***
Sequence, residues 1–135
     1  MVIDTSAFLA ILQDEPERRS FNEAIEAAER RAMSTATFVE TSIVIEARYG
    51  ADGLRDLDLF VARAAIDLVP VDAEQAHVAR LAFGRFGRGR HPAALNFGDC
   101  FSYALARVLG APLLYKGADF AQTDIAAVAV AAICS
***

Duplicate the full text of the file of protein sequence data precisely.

Sequence, residues 1–135
     1  MVIDTSAFLA ILQDEPERRS FNEAIEAAER RAMSTATFVE TSIVIEARYG
    51  ADGLRDLDLF VARAAIDLVP VDAEQAHVAR LAFGRFGRGR HPAALNFGDC
   101  FSYALARVLG APLLYKGADF AQTDIAAVAV AAICS